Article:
Today Atmel, Microchip and others make inexpensive microcontrollers with native USB peripherals. The Atmel "8u2" chip, for example, is less expensive than even most of the FTDI clones, and certainly a LOT less than a genuine FTDI chip.
For years, I've published a very simple and easy-to-use USB code for those chips.
I also publish a signed INF installer that works with ALL USB Serial based on this standard protocol (called Communications Device Class, Abstract Control Model, or CDC-ACM). All 3 operating systems have the necessary driver built in. Mac OS-X and Linux load it automatically. Windows needs the user to add a INF.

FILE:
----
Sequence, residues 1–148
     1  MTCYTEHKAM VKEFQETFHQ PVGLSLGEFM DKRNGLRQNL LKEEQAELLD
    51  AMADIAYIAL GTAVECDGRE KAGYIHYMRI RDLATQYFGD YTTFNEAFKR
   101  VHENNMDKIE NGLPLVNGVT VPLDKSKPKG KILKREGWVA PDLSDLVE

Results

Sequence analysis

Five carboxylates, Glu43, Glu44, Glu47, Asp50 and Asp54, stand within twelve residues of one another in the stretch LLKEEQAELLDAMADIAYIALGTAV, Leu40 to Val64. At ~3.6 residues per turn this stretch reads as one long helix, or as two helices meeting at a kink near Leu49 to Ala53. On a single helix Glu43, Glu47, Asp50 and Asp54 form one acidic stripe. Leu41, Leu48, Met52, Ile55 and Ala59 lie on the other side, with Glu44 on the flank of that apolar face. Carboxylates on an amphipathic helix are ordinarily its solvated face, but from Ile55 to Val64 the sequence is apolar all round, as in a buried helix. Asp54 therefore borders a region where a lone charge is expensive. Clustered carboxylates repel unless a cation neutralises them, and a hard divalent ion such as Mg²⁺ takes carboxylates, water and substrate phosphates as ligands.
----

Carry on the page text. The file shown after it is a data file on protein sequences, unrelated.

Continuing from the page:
Sadly, the CDC-ACM driver in Windows (called USBSER.SYS) is buggy. About a year ago, I sent Microsoft this reproducible bug report.
In a follow up email a few months ago, they were supposedly testing a fix. I'm hopeful that Windows 10 may be the first version of Windows to ever ship with a good quality USB Serial driver (as Linux has done for many years, and Apple as done since releasing Lion a few years ago).